This section might be subtitled for its last sentence, naming us as both cause and victim of our own conflicts and hardships. Gaudium et Spes 8 has a good bit of material worthy of reflection. Reminder that this section continues the bishops’ diagnosis of the world situation in 1965: this is not church teaching as such; it is an assessment. We keep in mind how much of this continues to ring true in the Information Age.
This development coming so rapidly and often in a disorderly fashion, combined with keener awareness itself of the inequalities in the world beget or intensify contradictions and imbalances.
Read this next portion over. As I read of the struggle of the modern intellect, I’m struck at the lack of grasp of the concept of mystery. I’m not a big believer in the notion that technology has complicated the moral decisions we face. Cloning is complex. The sociology and politics behind abortion on demand or embryonic stem cell research is complex. I don’t find the application of Christian morals to be particularly difficult in the abstract.
However, my personal experience is that the current drags me along until I come face to face with a moral dilemma nobody of a previous generation has had to face.
I’ve blogged earlier that my daughter’s doctors tell us that due to her heart condition, she will be a virtual 100% death risk for carrying a biological child to term. As of last summer, no woman with her condition survived a full-term pregnancy. I was reflecting a few months ago about theoreticals: what if she suffers rape and conception occurs. Would an immediate abortifacient be more moral than an attempt at carrying a pregnancy to term only to determine future medicine and health are insufficient? The Church of a hundred years ago would never have a ruling on this. First, nobody with the condition survived infancy. Second, we just didn’t know.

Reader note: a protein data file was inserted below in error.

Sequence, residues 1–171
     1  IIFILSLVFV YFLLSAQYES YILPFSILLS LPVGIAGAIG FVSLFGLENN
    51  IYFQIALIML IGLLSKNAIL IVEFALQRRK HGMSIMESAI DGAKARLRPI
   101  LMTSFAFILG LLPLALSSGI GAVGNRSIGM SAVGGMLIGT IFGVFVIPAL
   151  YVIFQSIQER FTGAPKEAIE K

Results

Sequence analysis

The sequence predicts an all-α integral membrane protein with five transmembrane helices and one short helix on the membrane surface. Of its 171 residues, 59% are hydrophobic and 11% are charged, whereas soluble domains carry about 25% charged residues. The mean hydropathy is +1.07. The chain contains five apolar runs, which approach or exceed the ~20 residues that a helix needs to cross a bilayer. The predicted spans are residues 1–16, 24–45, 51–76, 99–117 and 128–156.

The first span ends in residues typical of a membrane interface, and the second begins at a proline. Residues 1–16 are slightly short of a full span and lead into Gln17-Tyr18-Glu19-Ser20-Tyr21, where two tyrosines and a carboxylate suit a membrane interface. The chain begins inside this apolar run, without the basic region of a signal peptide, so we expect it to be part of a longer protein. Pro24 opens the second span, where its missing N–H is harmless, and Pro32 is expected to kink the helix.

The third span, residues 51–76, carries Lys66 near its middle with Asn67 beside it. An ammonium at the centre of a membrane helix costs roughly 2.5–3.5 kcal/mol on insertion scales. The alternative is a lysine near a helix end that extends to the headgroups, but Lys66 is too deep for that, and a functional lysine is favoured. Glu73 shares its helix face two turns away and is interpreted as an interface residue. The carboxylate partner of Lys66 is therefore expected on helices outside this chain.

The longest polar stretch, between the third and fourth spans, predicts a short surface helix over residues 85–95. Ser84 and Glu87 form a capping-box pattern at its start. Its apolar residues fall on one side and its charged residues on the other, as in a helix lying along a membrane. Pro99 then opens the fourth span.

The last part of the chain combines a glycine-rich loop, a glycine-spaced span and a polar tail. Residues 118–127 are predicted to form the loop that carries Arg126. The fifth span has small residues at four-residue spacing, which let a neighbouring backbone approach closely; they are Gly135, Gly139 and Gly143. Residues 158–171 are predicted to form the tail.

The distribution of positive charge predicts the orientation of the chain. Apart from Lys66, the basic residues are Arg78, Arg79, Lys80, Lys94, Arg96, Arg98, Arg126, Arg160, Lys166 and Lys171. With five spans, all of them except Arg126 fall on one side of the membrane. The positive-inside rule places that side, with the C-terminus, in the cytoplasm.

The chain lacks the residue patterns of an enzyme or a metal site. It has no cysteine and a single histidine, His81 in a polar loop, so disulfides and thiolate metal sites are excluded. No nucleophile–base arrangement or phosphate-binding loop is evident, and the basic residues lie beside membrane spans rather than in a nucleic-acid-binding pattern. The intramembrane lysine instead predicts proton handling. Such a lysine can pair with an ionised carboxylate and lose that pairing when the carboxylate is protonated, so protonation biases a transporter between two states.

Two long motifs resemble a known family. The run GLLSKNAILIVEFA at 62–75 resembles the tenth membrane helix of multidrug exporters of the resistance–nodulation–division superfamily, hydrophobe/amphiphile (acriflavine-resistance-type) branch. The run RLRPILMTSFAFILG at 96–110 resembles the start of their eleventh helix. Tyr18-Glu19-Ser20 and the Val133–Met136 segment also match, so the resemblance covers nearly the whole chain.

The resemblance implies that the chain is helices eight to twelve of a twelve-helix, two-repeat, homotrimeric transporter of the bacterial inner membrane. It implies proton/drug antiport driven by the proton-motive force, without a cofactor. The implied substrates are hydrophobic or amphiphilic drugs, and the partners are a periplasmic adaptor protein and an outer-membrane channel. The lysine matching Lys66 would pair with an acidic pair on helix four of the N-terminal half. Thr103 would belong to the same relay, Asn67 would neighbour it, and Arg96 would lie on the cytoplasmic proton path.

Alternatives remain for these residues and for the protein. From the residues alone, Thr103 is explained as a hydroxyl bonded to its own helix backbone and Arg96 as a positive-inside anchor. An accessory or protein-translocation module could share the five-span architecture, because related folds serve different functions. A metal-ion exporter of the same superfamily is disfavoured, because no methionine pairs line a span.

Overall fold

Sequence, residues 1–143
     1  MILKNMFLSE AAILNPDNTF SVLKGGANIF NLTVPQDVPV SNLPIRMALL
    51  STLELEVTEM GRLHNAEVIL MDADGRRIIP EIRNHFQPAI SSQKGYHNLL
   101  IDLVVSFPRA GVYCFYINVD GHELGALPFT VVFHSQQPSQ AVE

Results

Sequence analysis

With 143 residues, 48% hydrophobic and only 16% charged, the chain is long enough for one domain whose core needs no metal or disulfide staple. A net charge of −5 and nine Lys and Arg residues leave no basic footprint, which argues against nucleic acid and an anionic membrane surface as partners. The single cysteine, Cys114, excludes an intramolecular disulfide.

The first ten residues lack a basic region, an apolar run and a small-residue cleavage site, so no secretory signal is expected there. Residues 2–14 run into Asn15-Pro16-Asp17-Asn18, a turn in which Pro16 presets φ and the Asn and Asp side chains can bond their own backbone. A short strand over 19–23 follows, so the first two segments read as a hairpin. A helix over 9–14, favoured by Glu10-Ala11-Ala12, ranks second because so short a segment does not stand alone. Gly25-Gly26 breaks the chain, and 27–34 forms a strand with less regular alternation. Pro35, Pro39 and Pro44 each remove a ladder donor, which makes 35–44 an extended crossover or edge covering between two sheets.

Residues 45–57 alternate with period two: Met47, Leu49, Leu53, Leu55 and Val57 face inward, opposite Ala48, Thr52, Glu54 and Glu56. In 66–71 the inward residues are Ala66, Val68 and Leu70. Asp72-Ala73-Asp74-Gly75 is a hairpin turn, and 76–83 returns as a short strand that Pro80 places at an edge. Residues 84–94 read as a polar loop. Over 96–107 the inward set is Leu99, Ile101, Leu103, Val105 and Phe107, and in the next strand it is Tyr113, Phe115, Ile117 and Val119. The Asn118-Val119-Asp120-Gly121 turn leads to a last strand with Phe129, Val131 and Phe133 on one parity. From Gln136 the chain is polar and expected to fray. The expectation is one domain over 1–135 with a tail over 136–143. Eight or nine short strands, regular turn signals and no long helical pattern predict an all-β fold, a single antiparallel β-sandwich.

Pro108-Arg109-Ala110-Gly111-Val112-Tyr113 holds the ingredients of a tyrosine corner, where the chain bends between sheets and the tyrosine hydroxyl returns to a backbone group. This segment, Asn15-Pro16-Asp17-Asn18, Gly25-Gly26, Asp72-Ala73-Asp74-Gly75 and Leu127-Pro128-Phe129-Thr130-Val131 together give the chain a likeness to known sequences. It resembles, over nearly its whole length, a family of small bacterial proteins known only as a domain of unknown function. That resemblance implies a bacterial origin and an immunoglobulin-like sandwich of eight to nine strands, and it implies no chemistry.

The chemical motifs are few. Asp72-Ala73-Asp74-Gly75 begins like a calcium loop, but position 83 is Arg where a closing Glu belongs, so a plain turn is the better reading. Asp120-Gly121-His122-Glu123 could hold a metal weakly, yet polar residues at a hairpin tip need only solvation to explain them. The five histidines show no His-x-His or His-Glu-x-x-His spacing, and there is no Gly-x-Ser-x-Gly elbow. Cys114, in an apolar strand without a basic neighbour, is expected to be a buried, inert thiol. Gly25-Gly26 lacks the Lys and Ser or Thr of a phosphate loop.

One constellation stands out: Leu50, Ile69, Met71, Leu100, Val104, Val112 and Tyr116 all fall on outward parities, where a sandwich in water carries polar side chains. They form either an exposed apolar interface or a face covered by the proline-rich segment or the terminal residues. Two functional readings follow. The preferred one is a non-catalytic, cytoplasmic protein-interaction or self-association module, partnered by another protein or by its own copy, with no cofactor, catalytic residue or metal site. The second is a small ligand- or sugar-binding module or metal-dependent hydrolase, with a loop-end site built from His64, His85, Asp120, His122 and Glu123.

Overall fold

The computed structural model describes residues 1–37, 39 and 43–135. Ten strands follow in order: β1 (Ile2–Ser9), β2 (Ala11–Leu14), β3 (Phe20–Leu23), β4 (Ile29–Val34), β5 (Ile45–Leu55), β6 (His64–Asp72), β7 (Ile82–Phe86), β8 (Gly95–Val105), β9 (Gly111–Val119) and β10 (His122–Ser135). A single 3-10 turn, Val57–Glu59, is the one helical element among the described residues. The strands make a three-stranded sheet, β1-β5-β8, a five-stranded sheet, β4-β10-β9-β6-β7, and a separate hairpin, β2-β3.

Anyway, here’s more of GS:
Within the individual person there develops rather frequently an imbalance between an intellect which is modern in practical matters and a theoretical system of thought which can neither master the sum total of its ideas, nor arrange them adequately into a synthesis. Likewise an imbalance arises between a concern for practicality and efficiency, and the demands of moral conscience; also very often between the conditions of collective existence and the requisites of personal thought, and even of contemplation. At length there develops an imbalance between specialized human activity and a comprehensive view of reality.
We have certainly lagged behind in our ability to contemplate, reflect, ponder.
An accurate diagnosis, then and now:
As for the family, discord results from population, economic and social pressures, or from difficulties which arise between succeeding generations, or from new social relationships between men and women.
Differences crop up too between races and between various kinds of social orders; between wealthy nations and those which are less influential or are needy; finally, between international institutions born of the popular desire for peace, and the ambition to propagate one’s own ideology, as well as collective greeds existing in nations or other groups.
And making our own bed:
What results is mutual distrust, enmities, conflicts and hardships. Of such (are people) at once the cause and the victim.
Relatively speaking, the science is easier than the morality that accompanies it. There’s a temptation to say that new developments have completely put the old order out of business. That seems to be too easy an answer for me.Perhaps my future adult daughter will accept the risk if bearing a child becomes a priority for her and her future husband. It’s possible science will permit such a thing. Or perhaps not at that time. Where the Church may falter is the absolute back-application of such situations to teachings on sex, gender, and other long-held propositions. There’s some of this stretching to be seen in the Church’s possibly wild attempts to make sense of same-sex attraction and what that might mean for suitability for ministry.
As we delve deeper, there arises considerable food for thought. And we haven’t hit core Church teaching yet.